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A Segregated City

The Buffalo Niagara region remains one of the most racially divided metro areas in the country, but a new housing rule on Capitol Hill could soon change the way we see communities.

WGRZ Staff

Published: 7/9/2015 8:55:28 PM
Updated: 8:55 PM EDT July 9, 2015

In the 1960s, as the Civil Rights Movement came to a close, Congress took one last major legislative step and banned housing discrimination based on race, color, religion and sex.

Still, despite the decades-old law to protect people from discrimination in the sale, rental and financing of homes, it did little to actually integrate neighborhoods across the nation.

"The truth is for too long federal efforts have fallen short," said Julian Castro, the secretary of Housing and Urban Development (HUD) in Chicago, a city like Buffalo that has struggled with segregation for years.

It was the summer of 1965 when the whispers began. A civil rights campaign was coming north to build support in the fight for black freedom. Schools were segregated and African Americans seemed stuck in the slums of northern cities.

But in January 1966, that campaign arrived. A reverend and his family had moved into a dingy apartment on Chicago's West Side. His name was Dr. Martin Luther King Jr, and just like that the Open Housing Movement had begun.

For several months, King would lead marches in the streets of Chicago, calling for fair housing in the city, and by late August some progress was made. The Chicago Housing Authority promised to build public housing with limited height requirements, and a banking association agreed to make mortgages available regardless of race. According to King, it was "the first step in a 1,000-mile journey."

That journey ended in April 1968.

On April 4th, King was shot and killed in Memphis, Tennessee. Six days later, the House of Representatives passed Title VIII of the proposed Civil Rights Act and the next day President Lyndon B. Johnson signed the Fair Housing Act into law.

But now, nearly fifty years later, many neighborhoods are still segregated across the country, especially in the northeast.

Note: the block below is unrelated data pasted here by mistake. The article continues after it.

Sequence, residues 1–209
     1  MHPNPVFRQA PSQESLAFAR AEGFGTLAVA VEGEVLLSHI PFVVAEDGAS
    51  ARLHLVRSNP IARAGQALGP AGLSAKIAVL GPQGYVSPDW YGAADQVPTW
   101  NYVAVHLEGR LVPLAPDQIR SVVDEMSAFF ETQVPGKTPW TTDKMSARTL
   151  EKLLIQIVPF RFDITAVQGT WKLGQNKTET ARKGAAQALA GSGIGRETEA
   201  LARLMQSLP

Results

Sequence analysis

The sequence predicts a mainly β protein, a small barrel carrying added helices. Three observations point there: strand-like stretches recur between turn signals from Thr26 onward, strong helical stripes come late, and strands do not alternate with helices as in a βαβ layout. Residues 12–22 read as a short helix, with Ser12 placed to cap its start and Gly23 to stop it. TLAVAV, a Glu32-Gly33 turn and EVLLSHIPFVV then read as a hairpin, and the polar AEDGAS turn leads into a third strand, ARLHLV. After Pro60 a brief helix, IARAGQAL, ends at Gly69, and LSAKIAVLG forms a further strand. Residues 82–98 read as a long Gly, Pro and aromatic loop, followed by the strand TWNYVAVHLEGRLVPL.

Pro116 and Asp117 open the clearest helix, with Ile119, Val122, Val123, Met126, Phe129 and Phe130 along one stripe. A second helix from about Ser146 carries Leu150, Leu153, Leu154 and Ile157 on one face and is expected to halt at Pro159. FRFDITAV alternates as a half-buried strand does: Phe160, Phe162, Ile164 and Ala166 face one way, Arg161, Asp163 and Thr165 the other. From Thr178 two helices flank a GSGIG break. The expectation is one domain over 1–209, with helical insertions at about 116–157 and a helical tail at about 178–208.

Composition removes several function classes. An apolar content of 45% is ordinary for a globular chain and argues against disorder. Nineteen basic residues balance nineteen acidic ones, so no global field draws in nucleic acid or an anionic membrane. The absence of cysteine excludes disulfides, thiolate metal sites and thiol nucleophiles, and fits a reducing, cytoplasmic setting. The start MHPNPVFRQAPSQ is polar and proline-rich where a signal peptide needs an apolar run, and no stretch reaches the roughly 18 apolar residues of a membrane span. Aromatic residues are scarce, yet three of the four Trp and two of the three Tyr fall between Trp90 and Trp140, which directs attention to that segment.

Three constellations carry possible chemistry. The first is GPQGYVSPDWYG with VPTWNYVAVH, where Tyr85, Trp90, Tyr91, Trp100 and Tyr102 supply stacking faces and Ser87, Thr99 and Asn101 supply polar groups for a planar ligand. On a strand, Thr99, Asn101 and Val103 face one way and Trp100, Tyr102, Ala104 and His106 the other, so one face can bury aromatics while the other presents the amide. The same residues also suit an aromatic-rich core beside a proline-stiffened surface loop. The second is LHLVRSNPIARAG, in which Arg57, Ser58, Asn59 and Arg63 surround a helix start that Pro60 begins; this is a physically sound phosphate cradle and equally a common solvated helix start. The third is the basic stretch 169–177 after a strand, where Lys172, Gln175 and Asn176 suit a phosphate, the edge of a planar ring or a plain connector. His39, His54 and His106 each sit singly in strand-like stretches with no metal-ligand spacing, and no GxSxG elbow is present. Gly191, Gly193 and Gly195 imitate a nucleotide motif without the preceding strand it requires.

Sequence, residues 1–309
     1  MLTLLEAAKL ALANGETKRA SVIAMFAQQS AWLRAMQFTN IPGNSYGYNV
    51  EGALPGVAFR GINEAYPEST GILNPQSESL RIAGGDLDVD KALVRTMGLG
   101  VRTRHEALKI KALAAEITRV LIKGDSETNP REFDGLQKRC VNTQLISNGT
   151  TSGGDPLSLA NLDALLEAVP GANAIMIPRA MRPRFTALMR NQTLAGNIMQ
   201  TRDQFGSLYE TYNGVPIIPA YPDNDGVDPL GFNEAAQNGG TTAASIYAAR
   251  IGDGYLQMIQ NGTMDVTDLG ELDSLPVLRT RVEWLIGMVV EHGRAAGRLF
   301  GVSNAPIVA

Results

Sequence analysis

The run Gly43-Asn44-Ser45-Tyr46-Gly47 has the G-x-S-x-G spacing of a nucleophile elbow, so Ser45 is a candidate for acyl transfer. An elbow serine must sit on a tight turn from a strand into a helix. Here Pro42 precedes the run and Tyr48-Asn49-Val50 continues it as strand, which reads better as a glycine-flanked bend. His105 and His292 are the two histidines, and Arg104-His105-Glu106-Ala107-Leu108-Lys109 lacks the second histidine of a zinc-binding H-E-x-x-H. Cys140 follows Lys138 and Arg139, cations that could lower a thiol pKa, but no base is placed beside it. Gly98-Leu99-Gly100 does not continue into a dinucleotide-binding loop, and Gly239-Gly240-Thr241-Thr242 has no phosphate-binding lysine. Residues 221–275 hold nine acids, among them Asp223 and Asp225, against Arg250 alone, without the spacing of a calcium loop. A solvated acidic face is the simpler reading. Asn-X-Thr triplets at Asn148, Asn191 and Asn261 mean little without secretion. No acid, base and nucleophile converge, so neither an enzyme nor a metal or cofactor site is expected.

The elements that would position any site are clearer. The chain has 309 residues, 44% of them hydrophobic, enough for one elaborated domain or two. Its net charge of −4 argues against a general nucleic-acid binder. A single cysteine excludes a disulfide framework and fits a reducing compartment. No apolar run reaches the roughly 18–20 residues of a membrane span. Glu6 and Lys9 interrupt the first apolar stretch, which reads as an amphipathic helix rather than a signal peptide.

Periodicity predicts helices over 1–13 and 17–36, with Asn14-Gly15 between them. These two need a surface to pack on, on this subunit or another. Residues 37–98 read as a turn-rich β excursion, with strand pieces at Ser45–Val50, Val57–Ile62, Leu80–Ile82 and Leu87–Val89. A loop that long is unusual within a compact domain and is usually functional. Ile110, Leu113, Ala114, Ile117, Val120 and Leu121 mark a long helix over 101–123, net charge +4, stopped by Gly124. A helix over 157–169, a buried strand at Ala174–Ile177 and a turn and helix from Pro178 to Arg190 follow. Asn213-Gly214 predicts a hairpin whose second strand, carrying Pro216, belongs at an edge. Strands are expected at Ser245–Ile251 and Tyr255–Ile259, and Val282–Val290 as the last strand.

Today, many metro areas continue to sort themselves into separate communities based on race. But Buffalo is seeing black and white far more than most.

According to an analysis of the 2010 U.S. Census, the Buffalo Niagara region ranks sixth on the list of most segregated metro areas. The Queen City falls just slightly behind Cleveland, Detroit, Chicago, and New York City with Milwaukee marked as the most racially divided region in the country.

Back here in Buffalo, more than 85 percent of the East Side is African American. Compare that to most of the rest of Erie and Niagara counties where the population is more than 85 percent white.

So what's the solution to the split?

On Wednesday, the Obama administration announced a new rule aimed at fulfilling the Fair Housing Act and its promise to promote integration.

Under the rule, cities that accept federal housing funds will be required to study data and propose measures to reduce segregation. If they don't, they risk forfeiting their funding from HUD.

Still, the new rule does not address all issues with fair housing. For instance, the act lacks the money to provide additional affordable housing, which is still not required in wealthier communities that don't rely on HUD's funds.

So how do local leaders feel about this?

"We think it's a good idea," said City of Buffalo Mayor Byron Brown. "We think that strategies that can be employed to reduce segregation in communities, particularly with the use of federal funds, is a good thing."

But it's going to take some work.

"The city has begun to do this work where we have been mapping our neighborhoods, we have been looking at the diversity of neighborhoods as part of our housing strategy," Brown said. "We want to make sure that we are building neighborhoods that are attractive to people of different incomes whether they are lower income, middle income or upper income. We'd like to see a whole range of incomes represented in neighborhoods throughout the city."

"I totally understand the heart of the idea," said Buffalo Common Council President Darius Pridgen. "But I'm not sure how you make it happen."

Some have suggested passing a local law requiring a portion of affordable housing to be set aside in housing developments built in all neighborhoods. It's a strategy the mayor says the city is looking into.

But Pridgen is leery in one respect.

"Connecting this to (the continued flow of) federal dollars is something I'm very uncomfortable with. What happens if Buffalo has a plan, and is then not able to meet the plan because of the culture of Buffalo... a city where people choose to live where they want to live? Holding money in limbo if a city doesn't do it is a tad bit unfair, because those monies that we get from the federal government usually help the poor, and I would not want to see the poor get hurt."

Attempts to force diversification also raise the thornier issue of the federal government centrally planning communities, based on what it thinks they should look like, through what critics call federal neighborhood engineering.

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